Typically, Markatos Services offers an array of tips and information in our reoccurring blog to help you make your home as comforting as possible. This particular post will be no different. We put our family name on our business, and we treat each of our customers as such. The suggestions offered in this post are to help you and your family during a time of crisis.
As we all know, disaster of any sort can happen at any time and leave us high and dry. (or wet, depending on what you’re dealing with) Although the consequences of various disasters can be similar, knowing the risks in your region can aide in the preparation of a readiness kit for you and your family.
Today’s feature offers a wealth of information from the Government of Canada: Is Your Family Prepared?
While this was originally written for Canadian citizens, there is plenty of information and tips that you can use regardless of where you live–the message is that each family is responsible for getting themselves ready ahead of time for all kinds of unexpected chaos (storms, community disasters, etc.).
Not only will this help you and your family be better equipped to handle a situation effectively, it also ensures emergency service workers will be able to tend to those in the community that really need help: the injured or at risk.
Make a Plan
There is a great possibility that your family may not be all together whenever disaster strikes. Plan how to meet or how to contact one another, and discuss what could be done in certain situations. Once a plan is in place, get it written down, and then keep it in an easy-to-remember, easy-to-find place.
You should know all the safe exits of your home, but review it with small children, and practice that with them, if need be. Plan a main exit route, and also an alternative route just in case circumstances change. In addition to that, be aware of the evacuation route from your neighborhood should there be a need to leave in a hurry.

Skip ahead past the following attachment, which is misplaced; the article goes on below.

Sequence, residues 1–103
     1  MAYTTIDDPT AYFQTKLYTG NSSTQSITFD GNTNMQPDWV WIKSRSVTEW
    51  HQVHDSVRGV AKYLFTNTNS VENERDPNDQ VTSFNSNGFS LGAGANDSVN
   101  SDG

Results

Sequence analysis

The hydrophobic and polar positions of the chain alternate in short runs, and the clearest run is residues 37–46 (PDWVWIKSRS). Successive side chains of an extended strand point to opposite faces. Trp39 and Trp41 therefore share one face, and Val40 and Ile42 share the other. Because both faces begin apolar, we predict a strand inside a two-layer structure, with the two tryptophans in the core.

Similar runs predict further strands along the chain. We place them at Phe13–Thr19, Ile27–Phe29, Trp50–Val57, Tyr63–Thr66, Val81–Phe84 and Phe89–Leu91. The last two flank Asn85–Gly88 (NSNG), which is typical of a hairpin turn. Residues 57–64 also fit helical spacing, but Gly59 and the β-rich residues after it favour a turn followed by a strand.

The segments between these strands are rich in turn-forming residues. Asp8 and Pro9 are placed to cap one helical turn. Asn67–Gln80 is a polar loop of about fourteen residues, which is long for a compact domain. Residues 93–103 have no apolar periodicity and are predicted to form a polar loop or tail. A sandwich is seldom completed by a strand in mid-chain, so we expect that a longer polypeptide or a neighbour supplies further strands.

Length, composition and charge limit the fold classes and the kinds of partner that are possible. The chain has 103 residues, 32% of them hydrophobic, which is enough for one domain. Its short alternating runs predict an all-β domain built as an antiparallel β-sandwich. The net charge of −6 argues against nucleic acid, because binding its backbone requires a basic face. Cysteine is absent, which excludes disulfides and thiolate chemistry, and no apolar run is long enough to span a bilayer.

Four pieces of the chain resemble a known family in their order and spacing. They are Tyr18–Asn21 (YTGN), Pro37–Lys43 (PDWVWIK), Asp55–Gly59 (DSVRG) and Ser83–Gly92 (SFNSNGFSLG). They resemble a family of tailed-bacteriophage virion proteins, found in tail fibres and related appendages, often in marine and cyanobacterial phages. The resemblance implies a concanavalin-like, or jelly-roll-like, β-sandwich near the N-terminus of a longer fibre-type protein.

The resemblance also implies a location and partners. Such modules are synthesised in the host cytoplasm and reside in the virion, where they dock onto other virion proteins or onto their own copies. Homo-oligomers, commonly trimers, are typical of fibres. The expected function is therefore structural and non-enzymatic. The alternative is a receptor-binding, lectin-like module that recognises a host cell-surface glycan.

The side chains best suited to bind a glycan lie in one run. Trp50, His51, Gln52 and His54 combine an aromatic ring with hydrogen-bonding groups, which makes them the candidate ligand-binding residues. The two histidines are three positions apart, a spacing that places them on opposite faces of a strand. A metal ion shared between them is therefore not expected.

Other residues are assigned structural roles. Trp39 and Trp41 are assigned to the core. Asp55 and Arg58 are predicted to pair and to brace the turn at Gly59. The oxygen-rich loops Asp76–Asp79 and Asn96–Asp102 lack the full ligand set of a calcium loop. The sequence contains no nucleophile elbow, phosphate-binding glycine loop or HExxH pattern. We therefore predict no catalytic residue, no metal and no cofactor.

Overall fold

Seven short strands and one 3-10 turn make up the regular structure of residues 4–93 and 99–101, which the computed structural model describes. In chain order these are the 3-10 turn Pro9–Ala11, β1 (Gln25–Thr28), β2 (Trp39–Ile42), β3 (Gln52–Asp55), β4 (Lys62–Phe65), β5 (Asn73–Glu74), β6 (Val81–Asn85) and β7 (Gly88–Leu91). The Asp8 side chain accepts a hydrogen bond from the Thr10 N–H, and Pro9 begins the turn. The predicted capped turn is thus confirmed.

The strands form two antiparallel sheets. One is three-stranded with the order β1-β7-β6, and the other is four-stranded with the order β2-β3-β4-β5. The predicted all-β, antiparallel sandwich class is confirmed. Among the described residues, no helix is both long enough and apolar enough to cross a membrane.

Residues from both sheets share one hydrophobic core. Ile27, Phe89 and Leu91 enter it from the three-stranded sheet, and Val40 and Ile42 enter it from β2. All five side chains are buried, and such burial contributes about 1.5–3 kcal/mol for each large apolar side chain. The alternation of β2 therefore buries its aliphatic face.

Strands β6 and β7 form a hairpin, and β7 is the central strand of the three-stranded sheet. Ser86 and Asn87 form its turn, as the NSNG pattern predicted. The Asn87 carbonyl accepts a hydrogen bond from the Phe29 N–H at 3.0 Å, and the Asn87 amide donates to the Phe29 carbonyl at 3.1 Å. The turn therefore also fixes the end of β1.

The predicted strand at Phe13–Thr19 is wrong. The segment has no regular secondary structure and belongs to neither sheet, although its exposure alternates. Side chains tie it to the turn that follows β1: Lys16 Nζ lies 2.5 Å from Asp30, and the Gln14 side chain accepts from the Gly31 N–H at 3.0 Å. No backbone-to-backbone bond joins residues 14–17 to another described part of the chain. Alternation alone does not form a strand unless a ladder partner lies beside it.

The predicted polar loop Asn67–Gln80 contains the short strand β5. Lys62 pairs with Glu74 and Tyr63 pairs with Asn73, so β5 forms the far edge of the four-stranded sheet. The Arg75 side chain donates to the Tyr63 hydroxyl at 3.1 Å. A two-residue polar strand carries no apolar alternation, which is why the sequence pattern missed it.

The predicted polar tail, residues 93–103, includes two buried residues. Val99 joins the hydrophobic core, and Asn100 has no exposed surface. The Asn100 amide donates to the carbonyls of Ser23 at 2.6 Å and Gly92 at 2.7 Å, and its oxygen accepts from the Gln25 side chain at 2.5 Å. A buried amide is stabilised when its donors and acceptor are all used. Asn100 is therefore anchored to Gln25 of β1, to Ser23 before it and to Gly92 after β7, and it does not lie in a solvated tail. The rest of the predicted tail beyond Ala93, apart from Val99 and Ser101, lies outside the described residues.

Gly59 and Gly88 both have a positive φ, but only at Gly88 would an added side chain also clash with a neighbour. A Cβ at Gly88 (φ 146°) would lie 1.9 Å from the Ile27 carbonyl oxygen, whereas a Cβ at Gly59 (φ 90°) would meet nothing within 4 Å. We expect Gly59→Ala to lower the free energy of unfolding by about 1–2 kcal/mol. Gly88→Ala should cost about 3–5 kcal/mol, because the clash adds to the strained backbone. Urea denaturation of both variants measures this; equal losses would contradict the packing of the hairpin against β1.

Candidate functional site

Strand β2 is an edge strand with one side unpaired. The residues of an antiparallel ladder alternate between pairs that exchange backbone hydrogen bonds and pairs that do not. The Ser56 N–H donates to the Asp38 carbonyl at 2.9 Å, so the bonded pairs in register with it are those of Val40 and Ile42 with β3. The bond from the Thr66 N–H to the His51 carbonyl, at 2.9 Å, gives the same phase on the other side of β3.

Pets are our furry friends, so please don’t forget them in midst of making plans. In case of an evacuation, be mindful that pets are not always allowed at hotels or extended stay facilities. Prepare to take your pets with you to the home of a relative or friend, or take steps to identify pet-friendly hotels or pet boarding facilities in your area and further away from home.
In an emergency, you will need some basic supplies. You may need to get by without power or tap water. Be prepared to be self-sufficient for at least 72 hours.
You may have some of the items already, such as food, water and a battery operated or wind-up flashlight. The key is to make sure they are organized and easy to find. Would you be able to find your flashlight in the dark? Make sure your kit is easy to carry and everyone in the household knows where it is. Keep it in a backpack, duffle bag or suitcase with wheels, in an easy-to-reach, accessible place, such as your front-hall closet. If you have many people in your household, your emergency kit could get heavy. It’s a good idea to separate some of these supplies in backpacks. That way, your kit will be more portable and each person can personalize his or her own grab-and-go emergency kit.
Add items to your kit such as:
- additional emergency supplies
- A copy of your emergency plan
- Photocopies of personal documents (Licenses, social security cards, insurance policies)
- A household emergency contact list
The weather is perfect, and the news hasn’t said anything about a disaster, you think. I don’t need to prepare for this now. But natural disasters are not the only time to consider having such kits ready. Chemical releases, bomb threats, and power outages are other instances during which such kits would come in handy. Take the time now to be ready for the worst.